Tour America's Treasures

An invitation to tour America's historical sites...

Tuesday, April 16, 2013

Black Horse Inn

View Black Horse Inn in a larger map

Visit our Tour Destination: Pennsylvania page to see the entire tour of the state’s Save America’s Treasures sites.

West view of the Black Horse Inn (Flourtown, PA) in 2008.
Photo courtesy of Springfield Township.

Black Horse Inn
1432 Bethlehem Pike
Flourtown, PA

Website:  The Black Horse Inn

The Treasure:  The Black Horse Inn is a picturesque reminder of the once-bustling inns that catered to clientele along the main 18th and 19th century thoroughfares.

Accessibility:  As restoration efforts continue, your best bet is to appreciate the exterior of the Black Horse Inn from the road. The interior is sometimes accessible during special events.

Exterior bar door at the Black Horse Inn.
Photo courtesy of Springfield Township.
Background:  Located in the center of Flourtown, the Black Horse Inn is a landmark on Bethlehem Pike, a once-major road that links Philadelphia to Bethlehem, PA, a distance of approximately 50 miles. Bethlehem Pike is still a busy road today, but it has long since lost the prominence that it enjoyed for nearly 200 years. Today (following Google Maps, Mapquest, or your GPS), you might get to Bethlehem from Philadelphia by jumping on the Schuylkill Expressway, taking the Northeast Extension, exiting to Route 309 in Quakertown, and finishing on Route 378 into Bethlehem. Altogether it takes about an hour, mostly high-speed highway driving—slowing only for a few traffic lights around Quakertown.

But traveling that 50-mile trip wasn’t so easy in colonial days. From 1703 to 1734, the British government oversaw the development of Bethlehem Pike (a.k.a. the “Great Road”), a colonial highway that stretched from Chestnut Hill to the newly established Moravian community in Bethlehem. Naturally, inns sprang up to serve the stagecoach business. The Black Horse Inn was one of the first, strategically located about ten miles outside Philadelphia at a point where the drivers would be looking for a place to rest or change the horses.

Abraham Wakerly appears to have built the first inn on the property in 1744, offering only a plain one-room building plus a kitchen. As travel and trade increased, business justified growth. There were significant additions and improvements to the Black Horse Inn in 1833, 1880, and 1908, keeping up with the times and the traffic.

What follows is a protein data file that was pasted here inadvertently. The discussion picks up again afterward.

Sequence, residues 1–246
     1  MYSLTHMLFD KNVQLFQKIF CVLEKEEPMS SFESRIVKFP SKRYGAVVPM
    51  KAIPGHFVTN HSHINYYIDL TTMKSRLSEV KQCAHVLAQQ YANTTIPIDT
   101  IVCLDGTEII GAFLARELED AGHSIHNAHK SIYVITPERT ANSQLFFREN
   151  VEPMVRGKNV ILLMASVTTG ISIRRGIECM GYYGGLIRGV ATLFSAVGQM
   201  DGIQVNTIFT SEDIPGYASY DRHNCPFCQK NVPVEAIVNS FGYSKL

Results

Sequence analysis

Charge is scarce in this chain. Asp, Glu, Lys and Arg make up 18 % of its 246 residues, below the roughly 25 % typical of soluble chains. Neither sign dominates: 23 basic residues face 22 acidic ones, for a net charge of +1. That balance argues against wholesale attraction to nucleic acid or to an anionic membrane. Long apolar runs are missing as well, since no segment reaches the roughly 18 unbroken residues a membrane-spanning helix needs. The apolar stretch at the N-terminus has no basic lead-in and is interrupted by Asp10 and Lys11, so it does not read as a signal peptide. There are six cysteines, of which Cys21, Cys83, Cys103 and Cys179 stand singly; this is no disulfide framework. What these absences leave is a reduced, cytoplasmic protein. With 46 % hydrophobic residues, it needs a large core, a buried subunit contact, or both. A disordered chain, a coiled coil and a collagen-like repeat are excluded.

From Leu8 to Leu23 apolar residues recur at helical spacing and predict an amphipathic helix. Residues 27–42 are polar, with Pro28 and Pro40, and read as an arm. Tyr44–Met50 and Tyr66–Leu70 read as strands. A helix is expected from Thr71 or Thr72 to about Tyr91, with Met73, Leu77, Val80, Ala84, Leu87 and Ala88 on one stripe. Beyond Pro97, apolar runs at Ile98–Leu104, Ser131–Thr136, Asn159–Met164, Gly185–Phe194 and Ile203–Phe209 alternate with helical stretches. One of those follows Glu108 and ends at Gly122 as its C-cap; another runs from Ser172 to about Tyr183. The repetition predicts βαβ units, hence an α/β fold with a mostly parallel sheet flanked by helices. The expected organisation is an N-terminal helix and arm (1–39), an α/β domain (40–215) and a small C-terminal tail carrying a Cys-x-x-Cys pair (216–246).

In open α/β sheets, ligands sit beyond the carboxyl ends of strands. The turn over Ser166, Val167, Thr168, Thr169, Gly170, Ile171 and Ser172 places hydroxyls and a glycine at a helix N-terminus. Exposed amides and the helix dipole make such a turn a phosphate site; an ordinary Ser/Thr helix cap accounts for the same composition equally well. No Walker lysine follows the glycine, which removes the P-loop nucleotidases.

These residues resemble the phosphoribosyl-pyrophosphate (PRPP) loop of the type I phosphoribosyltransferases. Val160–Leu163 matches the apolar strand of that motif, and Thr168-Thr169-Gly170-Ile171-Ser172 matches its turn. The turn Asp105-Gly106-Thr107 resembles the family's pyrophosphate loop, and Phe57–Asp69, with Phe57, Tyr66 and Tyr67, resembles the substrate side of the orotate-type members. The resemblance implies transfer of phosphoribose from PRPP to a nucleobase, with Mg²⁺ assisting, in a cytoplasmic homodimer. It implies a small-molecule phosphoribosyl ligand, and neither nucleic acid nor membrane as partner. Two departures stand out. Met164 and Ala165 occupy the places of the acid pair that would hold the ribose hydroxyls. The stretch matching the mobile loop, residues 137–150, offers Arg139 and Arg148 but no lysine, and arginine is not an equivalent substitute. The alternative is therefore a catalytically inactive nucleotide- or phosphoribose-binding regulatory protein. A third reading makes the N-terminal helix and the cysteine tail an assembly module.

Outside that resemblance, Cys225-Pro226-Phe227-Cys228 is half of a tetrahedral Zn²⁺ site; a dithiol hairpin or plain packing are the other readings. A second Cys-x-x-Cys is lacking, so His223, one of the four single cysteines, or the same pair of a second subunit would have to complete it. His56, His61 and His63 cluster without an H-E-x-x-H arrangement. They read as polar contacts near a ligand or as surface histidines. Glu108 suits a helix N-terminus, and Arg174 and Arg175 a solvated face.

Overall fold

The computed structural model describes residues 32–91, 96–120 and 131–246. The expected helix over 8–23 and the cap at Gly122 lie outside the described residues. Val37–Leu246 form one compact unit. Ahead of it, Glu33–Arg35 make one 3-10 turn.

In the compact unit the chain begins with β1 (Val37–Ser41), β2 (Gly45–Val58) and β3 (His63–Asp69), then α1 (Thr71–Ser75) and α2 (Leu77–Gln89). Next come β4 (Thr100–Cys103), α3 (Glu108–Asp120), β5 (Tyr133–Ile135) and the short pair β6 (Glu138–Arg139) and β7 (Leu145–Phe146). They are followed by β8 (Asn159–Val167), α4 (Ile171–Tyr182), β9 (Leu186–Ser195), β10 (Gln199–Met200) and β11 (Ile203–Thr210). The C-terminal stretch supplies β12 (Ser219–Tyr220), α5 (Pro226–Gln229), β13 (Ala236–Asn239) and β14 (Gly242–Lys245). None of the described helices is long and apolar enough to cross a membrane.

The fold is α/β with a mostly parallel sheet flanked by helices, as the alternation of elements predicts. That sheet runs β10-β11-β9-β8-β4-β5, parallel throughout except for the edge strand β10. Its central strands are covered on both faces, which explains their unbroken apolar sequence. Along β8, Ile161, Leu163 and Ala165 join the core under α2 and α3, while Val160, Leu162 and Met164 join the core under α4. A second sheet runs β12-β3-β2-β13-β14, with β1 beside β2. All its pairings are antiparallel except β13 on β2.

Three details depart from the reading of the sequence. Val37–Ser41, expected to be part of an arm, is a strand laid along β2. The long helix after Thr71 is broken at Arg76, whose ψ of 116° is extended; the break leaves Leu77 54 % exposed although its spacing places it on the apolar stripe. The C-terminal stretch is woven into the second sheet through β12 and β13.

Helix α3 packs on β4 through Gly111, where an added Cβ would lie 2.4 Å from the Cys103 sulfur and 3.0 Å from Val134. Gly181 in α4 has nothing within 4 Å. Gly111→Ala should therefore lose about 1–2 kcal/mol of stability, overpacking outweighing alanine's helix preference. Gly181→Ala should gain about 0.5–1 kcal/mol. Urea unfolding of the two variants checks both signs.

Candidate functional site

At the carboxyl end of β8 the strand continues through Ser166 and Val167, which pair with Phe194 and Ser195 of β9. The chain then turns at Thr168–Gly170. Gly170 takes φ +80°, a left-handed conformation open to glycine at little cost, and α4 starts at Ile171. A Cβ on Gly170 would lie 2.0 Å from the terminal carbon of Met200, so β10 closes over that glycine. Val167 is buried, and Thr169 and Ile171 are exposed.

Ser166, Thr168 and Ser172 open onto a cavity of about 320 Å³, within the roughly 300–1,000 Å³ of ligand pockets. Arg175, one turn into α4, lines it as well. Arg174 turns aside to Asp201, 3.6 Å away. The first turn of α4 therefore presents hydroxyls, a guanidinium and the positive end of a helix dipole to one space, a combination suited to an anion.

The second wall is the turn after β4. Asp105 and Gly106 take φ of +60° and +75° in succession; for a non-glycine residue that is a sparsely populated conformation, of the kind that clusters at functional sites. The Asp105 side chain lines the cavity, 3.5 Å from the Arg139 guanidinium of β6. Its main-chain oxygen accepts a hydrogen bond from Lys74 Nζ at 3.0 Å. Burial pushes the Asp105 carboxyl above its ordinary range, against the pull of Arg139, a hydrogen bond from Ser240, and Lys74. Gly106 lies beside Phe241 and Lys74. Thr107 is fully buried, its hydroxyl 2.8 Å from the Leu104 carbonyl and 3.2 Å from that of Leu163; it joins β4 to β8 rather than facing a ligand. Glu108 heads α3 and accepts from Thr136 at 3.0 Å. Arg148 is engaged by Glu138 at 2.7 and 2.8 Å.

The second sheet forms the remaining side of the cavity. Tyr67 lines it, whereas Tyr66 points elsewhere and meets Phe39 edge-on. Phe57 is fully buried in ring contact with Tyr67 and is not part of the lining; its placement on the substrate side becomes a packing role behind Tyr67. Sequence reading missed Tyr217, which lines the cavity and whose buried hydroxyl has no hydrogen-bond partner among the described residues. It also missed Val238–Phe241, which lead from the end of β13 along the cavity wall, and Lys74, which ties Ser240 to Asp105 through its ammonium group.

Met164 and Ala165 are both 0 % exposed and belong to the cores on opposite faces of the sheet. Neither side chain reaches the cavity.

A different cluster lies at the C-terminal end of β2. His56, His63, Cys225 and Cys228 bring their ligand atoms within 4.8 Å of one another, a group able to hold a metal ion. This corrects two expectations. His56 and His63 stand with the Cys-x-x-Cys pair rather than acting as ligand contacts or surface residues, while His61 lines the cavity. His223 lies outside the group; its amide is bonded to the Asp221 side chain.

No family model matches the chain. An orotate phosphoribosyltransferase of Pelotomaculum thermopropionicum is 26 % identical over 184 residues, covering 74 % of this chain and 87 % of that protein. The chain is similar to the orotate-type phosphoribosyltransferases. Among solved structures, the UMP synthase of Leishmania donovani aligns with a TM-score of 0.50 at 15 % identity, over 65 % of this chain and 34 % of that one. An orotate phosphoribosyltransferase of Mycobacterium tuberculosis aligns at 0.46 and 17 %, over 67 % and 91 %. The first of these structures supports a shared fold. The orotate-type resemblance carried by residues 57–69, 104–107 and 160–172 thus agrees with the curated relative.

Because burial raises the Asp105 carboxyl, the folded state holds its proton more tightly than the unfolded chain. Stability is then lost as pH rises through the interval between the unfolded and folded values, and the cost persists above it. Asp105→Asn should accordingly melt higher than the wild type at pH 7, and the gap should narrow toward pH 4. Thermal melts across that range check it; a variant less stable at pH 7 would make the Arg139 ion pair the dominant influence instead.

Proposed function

The Black Horse Inn opened under British rule, flourished under President Washington, and was still going strong when Lincoln was in office and the Civil War raged. At the turn of the century, in 1901, the core stagecoach business was superseded by a trolley line set up on the Bethlehem Pike, still maintaining its status as the main corridor linking Philadelphia with sites north. When the trolley service closed in 1926, the Black Horse Inn became more of a local—rather than a regional—landmark. While it has not been regularly open to the public for the last quarter of a century, it continues to securely anchor its hometown of Flourtown, standing testimony to the area’s rich history.

The Black Horse Inn during restoration in 2007 with stucco removed from
the north side.  Photo courtesy of Springfield Township.

Other Recommended Sites:  Ten miles northwest on the Skippack Pike, enjoy a visit to the Peter Wentz Farmstead, a beautifully restored 18th century Pennsylvania German farmstead which served as General George Washington’s headquarters during the fall of 1777.

South view of the Black Horse Inn in 2009.
Photo courtesy of Springfield Township.

Tour America's History Itinerary
Tuesday:  The Pennsylvania German Collection at the Free Library of Philadelphia

© 2013 Lee Price

1 comment: